xi's moments
Home | Europe

2022 among eight hottest years as Earth heats up

XINHUA | Updated: 2023-01-14 08:49

Children ski on a slope in Ruhpolding, Germany, on Wednesday. Sparse snowfall and unseasonably warm winter weather in Europe's central mountains are allowing grass to blanket hillsides across the region, causing headaches for ski slope operators and aficionados of Alpine white. [Photo/Agencies]

GENEVA — The past eight years were the hottest since records began, the United Nations confirmed on Thursday, despite the cooling influence of a drawn-out La Nina weather pattern.

Last year, as the world faced a cascade of unprecedented natural disasters made more likely and deadly by climate change, the average global temperature was about 1.15 C above preindustrial levels, the World Meteorological Organization said.

The United States' National Oceanic and Atmospheric Administration and NASA released similar 2022 global temperature figures on Thursday. NASA Administrator Bill Nelson described them as "alarming".

"Forest fires are intensifying, hurricanes are getting stronger, droughts are wreaking havoc, sea levels are rising," Nelson said.

"Extreme weather patterns threaten our well-being across this planet. And we need some bold action."

The WMO said the past eight years were "the warmest on record globally, fueled by ever-rising greenhouse gas concentrations and accumulated heat".

The hottest year on record was 2016, followed by 2019 and 2020, it found.

Last year marked the eighth consecutive year that annual global temperatures were at least one degree over preindustrial levels seen between 1850 and 1900.

The Paris Agreement, agreed by nearly all the world's nations in 2015, called for capping global warming at 1.5 C, which scientists said would limit climate impacts to manageable levels.

But the WMO warned on Thursday that "the likelihood of — temporarily — breaching the 1.5 C limit ... is increasing with time".

The UN agency highlighted that the warmest eight years on record had all been since 2015, despite consecutive La Nina events since 2020.

The weather phenomenon has a cooling effect on global temperatures.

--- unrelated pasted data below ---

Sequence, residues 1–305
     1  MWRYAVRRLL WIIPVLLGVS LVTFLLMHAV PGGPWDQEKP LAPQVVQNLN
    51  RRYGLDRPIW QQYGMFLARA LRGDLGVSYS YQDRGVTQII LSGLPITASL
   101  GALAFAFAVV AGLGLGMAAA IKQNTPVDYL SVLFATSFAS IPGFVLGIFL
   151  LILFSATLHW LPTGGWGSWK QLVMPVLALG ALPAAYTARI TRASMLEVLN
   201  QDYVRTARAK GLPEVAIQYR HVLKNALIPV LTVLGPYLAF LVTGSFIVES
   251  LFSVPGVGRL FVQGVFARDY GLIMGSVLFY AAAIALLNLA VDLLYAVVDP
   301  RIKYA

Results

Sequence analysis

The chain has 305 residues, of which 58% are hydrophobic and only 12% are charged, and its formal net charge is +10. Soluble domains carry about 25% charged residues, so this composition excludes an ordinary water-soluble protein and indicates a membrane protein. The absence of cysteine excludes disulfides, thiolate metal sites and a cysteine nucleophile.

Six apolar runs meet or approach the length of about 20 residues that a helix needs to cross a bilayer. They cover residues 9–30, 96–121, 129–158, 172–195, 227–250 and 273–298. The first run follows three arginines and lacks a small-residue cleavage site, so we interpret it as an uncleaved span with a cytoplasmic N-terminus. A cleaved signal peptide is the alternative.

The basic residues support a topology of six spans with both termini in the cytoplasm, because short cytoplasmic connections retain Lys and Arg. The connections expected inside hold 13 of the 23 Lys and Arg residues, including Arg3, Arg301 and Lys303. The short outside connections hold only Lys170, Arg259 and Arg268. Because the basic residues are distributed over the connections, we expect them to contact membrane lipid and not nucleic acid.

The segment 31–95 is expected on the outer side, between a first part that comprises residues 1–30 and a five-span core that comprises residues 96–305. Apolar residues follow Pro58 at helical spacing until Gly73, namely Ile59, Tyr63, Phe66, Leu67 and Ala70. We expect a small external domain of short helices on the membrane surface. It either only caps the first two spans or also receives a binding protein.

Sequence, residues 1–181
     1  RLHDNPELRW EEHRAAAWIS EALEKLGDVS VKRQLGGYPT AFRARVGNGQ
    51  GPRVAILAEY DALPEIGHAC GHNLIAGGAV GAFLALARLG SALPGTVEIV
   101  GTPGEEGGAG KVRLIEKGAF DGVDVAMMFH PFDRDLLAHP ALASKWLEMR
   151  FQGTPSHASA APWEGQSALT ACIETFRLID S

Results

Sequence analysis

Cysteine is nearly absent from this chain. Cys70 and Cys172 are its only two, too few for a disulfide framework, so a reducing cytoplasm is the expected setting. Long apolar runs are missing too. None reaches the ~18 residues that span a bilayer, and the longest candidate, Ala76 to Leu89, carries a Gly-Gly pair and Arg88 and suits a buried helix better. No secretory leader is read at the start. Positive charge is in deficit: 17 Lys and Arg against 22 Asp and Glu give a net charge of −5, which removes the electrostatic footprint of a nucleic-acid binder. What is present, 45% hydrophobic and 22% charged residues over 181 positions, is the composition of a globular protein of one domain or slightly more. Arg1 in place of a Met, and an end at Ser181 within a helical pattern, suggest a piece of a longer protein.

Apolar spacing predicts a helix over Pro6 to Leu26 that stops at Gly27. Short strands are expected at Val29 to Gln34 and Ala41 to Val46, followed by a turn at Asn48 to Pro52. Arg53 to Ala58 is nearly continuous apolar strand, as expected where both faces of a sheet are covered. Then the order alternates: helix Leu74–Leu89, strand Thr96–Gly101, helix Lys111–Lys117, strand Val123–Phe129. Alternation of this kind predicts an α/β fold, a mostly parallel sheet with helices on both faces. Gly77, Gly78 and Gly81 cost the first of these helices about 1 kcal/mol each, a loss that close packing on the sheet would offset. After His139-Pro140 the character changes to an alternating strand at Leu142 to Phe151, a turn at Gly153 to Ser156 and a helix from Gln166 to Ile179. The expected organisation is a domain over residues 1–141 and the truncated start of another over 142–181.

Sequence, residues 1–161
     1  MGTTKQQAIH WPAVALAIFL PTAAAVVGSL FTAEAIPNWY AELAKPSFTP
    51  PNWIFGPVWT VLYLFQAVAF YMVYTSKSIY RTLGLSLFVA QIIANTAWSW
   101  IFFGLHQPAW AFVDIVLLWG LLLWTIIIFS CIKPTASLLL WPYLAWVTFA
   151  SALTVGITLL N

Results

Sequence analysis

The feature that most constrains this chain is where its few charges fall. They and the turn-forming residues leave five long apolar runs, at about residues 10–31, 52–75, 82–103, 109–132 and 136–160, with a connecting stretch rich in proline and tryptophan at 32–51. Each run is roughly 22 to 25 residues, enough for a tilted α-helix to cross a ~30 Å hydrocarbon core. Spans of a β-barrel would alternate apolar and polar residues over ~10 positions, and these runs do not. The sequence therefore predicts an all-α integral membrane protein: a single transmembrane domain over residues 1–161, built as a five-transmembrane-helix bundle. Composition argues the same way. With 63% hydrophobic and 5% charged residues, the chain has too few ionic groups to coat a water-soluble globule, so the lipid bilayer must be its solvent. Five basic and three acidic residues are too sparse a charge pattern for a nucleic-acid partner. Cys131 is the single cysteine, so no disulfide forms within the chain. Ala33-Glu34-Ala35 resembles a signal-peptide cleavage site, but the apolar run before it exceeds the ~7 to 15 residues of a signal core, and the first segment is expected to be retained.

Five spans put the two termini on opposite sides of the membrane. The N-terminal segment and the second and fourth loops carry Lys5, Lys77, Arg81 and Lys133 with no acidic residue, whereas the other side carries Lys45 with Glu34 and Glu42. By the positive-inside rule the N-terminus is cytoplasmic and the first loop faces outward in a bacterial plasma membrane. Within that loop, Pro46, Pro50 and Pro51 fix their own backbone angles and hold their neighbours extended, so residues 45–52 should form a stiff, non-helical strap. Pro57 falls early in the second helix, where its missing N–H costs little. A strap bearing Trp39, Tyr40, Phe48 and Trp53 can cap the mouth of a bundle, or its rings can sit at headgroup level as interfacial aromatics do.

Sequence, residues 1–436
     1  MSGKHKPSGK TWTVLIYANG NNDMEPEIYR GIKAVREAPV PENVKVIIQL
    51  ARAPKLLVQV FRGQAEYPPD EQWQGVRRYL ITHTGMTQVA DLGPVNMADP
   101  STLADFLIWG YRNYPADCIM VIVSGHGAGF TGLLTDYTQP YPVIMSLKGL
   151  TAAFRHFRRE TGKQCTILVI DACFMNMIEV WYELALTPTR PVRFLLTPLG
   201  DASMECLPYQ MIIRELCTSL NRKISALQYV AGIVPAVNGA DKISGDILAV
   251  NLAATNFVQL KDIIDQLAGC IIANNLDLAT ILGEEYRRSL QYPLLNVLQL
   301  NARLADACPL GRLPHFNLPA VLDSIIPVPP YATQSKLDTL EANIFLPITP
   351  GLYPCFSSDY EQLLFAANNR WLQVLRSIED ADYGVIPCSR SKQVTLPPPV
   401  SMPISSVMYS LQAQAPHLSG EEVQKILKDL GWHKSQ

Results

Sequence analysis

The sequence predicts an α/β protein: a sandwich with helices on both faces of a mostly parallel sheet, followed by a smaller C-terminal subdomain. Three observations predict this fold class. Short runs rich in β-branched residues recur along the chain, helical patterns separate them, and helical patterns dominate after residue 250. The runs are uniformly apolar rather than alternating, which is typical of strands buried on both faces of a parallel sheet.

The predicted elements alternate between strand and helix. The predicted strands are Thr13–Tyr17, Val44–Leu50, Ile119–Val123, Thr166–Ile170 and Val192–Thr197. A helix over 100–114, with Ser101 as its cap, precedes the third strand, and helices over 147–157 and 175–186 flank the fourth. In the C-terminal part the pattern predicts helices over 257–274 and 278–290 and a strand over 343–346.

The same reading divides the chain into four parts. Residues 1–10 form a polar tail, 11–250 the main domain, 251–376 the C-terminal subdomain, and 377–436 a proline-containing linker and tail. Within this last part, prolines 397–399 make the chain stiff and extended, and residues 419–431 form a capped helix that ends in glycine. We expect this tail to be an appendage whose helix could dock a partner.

Last year was therefore "just" the fifth or sixth hottest year ever recorded, the WMO said.

The situation last year was more extreme in some places.

The European Union's Copernicus Climate Change Service said in its annual report on Tuesday that the planet's polar regions experienced record temperatures last year, as did large swathes of the Middle East, China, Central Asia and Northern Africa.

Europe endured its second-hottest year ever as France, Britain, Spain and Italy set new average temperature records, and heat waves across the continent were compounded by severe drought conditions, it said.

For the planet as a whole, the WMO said the impact of La Nina, which is expected to end within months, would be "short-lived".

The weather pattern "will not reverse the long-term warming trend caused by record levels of heat-trapping greenhouse gases in our atmosphere", it said.

The WMO said the trend was clear.

"Since the 1980s, each decade has been warmer than the previous one," it said.

It stood at 1.09 C between 2011 and 2020, according to estimates by the UN's climate science advisory panel Intergovernmental Panel on Climate Change.

This indicates that long-term warming continues, with the world already approaching the lower limit of temperature increase the Paris Agreement seeks to avert, the WMO said.

Global Edition
Copyright 1995 - . All rights reserved. The content (including but not limited to text, photo, multimedia information, etc) published in this site belongs to China Daily Information Co (CDIC). Without written authorization from CDIC, such content shall not be republished or used in any form. Note: Browsers with 1024*768 or higher resolution are suggested for this site.
License for publishing multimedia online 0108263

Registration Number: 130349